The need to be tech-savvy has never been more important than it is today. Both as part of everyday life and also in the workplace. Many children have daily access to devices such as smartphones, tablets, even newer technologies such as virtual reality headsets and 3D printers. The world is becoming more reliant on technology to communicate, collaborate and share information, and the next generation will soon be leading this shift. Therefore the ability to use technology beyond the ICT classroom has become a priority in education.

To accommodate this, ICT is becoming an increasingly central and complex subject in school curriculums. Exciting skills such as computer programming and the use of robotics are now spilling over into other school subjects, including literature and numeracy. Ensuring that students understand how to use ICT effectively and safely is a key priority in education today in order to foster the tech savvy professionals of tomorrow.

Bringing technology to the classroom

School books and whiteboards are becoming almost redundant in classrooms, with more and more schools using technology-integrated teaching methods and resources. Tech such as interactive digital whiteboards, using students’ smartphones in group tasks and integrating tablets into teaching plans are making lessons more engaging. It’s also helping to ensure that schools run more smoothly: from online sharing platforms for setting and completing homework to tracking student attendance, progress and keeping parents in the loop via digital portals.

Using ICT inside and outside of the classroom teaches children to think critically and be able to solve problems, collaborate on projects across networks, analyse information and be creative.

In fact, using online learning to reinforce classroom learning has been found to lift grades in subjects such as Mathematics in some schools. Being able to use information technology helps children to develop vital skills for entering the future workplace. Children who are less familiar with digital technology are increasingly at a disadvantage in a world where digital literacy has moved from important to almost entirely essential.

Tech-savvy teachers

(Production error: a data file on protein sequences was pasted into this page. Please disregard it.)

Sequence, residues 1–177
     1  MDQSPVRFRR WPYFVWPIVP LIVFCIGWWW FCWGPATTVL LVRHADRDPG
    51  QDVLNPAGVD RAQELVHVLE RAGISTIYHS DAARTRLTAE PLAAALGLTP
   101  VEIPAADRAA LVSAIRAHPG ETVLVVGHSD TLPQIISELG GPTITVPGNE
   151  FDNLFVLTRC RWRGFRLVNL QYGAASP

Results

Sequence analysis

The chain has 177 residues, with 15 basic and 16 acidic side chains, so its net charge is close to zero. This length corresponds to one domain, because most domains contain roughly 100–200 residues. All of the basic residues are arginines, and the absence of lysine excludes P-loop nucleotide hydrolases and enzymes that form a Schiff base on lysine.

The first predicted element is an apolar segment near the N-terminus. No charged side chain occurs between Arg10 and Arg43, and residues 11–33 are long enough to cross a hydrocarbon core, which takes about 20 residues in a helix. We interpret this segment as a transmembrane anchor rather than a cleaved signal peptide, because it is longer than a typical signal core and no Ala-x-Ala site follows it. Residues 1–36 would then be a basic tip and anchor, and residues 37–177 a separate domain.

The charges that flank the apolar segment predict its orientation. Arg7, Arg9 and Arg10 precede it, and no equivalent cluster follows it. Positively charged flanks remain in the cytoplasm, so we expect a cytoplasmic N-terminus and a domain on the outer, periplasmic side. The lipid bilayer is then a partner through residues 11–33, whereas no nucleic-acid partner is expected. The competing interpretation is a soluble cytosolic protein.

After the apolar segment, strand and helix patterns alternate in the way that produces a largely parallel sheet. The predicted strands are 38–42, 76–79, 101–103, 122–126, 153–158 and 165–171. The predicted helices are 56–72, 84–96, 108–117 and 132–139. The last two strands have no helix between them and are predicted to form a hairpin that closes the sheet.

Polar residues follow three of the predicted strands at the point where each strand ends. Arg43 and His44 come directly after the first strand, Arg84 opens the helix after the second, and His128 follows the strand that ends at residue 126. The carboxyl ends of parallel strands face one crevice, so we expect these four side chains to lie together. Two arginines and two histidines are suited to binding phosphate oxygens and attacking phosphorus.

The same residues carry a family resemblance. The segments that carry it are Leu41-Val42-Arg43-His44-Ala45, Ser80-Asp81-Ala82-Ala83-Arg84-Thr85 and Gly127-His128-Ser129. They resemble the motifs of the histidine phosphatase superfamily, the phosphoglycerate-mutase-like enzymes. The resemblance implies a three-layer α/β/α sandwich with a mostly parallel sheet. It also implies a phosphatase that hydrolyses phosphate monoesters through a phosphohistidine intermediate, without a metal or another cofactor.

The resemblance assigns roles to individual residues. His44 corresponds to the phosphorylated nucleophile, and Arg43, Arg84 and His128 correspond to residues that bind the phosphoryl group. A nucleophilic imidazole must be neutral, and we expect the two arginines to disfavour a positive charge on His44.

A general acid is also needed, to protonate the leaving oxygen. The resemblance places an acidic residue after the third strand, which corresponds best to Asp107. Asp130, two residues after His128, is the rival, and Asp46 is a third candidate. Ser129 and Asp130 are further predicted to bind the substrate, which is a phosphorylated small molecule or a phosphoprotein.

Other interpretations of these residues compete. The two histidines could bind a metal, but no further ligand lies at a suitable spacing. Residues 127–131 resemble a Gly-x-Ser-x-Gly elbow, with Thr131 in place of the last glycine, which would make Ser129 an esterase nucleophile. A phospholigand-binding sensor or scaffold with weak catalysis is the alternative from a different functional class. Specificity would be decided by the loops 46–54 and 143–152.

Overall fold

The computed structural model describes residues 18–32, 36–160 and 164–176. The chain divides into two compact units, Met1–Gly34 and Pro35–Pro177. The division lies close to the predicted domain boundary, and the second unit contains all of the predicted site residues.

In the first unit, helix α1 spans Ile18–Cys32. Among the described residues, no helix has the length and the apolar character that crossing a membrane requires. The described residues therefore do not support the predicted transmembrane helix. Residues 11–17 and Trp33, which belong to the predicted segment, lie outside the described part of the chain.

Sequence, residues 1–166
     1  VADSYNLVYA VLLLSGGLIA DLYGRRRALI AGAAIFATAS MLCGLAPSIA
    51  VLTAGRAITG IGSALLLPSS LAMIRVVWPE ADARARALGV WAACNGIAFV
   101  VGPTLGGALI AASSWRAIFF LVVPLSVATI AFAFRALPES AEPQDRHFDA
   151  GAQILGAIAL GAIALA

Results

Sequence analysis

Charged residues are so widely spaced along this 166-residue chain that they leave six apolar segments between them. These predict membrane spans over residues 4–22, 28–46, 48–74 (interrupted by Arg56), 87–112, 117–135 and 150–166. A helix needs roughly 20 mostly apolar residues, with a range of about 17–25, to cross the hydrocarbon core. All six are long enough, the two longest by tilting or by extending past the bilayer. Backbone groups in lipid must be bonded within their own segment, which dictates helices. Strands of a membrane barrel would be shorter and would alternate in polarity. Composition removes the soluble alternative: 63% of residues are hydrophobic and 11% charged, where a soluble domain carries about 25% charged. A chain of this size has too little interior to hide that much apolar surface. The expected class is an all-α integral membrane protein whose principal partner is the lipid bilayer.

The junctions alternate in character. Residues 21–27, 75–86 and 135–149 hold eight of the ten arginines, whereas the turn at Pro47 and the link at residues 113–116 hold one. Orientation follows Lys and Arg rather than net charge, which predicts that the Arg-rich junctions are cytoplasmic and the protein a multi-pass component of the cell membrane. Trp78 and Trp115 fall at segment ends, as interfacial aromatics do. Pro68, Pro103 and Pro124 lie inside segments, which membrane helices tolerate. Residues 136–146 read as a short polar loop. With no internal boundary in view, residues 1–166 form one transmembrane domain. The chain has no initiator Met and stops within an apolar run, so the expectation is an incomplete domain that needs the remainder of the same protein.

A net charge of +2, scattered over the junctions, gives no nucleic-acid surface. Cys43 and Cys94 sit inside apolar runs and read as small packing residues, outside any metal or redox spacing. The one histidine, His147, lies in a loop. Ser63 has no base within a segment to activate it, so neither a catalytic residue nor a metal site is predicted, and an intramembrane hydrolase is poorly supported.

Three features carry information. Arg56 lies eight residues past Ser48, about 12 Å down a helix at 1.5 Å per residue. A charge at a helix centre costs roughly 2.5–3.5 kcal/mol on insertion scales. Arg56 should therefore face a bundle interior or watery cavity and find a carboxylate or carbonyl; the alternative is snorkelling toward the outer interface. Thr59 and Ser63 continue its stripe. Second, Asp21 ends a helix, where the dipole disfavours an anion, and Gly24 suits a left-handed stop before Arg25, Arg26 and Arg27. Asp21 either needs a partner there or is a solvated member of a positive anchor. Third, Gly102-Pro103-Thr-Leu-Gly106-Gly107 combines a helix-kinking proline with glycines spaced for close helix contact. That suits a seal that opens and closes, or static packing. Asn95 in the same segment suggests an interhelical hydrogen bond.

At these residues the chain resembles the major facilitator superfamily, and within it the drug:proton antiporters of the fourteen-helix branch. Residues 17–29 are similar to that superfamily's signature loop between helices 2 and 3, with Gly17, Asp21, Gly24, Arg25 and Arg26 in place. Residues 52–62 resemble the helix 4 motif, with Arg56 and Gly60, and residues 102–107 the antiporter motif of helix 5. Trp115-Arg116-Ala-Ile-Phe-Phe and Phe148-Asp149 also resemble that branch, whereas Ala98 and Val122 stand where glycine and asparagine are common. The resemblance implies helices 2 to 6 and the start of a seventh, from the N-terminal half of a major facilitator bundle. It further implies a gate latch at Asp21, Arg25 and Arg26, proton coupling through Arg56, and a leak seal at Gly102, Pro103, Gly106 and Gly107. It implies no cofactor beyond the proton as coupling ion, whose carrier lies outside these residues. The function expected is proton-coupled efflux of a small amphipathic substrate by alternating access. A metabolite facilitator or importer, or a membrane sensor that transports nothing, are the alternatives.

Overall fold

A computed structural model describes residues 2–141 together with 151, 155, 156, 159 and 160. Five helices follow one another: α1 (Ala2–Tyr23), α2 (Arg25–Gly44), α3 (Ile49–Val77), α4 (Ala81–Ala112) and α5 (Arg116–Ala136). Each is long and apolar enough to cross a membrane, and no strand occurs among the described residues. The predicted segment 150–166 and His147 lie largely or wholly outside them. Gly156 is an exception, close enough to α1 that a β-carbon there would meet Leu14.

It is not only students who need to develop their digital skills. Teachers also need to be digitally literate and trained to use ICT. They need opportunities to improve their ability to use ICT, so they can educate their students. With the right training and knowledge, teachers can fully integrate ICT into every classroom. Every lesson can provide creative opportunities for students to learn, experiment and develop within a technology-integrated environment, positioning them in better stead for the workplace and life outside of school.

Application of robotics in education

Like any technology, robotics can be used across the curriculum to teach a range of subjects in interesting and interactive ways. Building, designing and creating robots to problem solve, move and even play football is a means of creatively engaging school children. It can encourage logical thinking, analytical reasoning and critical thinking that can be used across the curriculum. Being able to think outside the box and take a creative approach to problem-solving are skills that will be cultivated when students are engaged in activities that are fun and stimulating.

Studying robotics in the classroom not only brings abstract concepts of computer programming to life, but also stimulates a stronger interest in Science, Technology, Engineering and Maths. That’s not all – it can aid learning in Design and Technology as well as ICT. At the same time, it can open students’ eyes to career paths they might not have known about or considered, such as engineering and website development. That said, it is fantastic experience and knowledge to have, whichever career your child decides to pursue.

The future coders – computer coding in schools

At its most basic level and put simply, coding is providing machines with instructions. To do this, you need strong problem solving and creative thinking skills when the answer is not obvious. Computer programming should no longer be a skill reserved only for so called ‘geeks’ and ‘computer nerds’. It is predicted to become an essential skill for young professionals. In light of this it is becoming a key component of many senior curriculums and even in some primary schools.

Basic coding courses in schools provide students the chance to learn how to develop their own websites, apps and computer software. Even if a student is not interested in pursuing coding, computer programming would help all students to gain a better understanding of how to use the technology that is shaping the world today. Or perhaps what kind of software or programming team they need when they set up their own business one day…

As guardians and teachers of today we have experienced the transition from digital platforms as a novelty to them becoming the norm. Therefore we understand the importance of learning and adapting quickly in order to keep up with modern ways of working. To make sure our pupils are as ahead of the game as they can be, we have introduced the latest ICT facilities and lesson content into our curriculum.

 

At Cranmore, we strive to provide exceptional opportunities for all of our pupils. Through game making, robotics, greenscreen filming and computer coding, Cranmore pupils can lead the way forward by developing their digital literacy.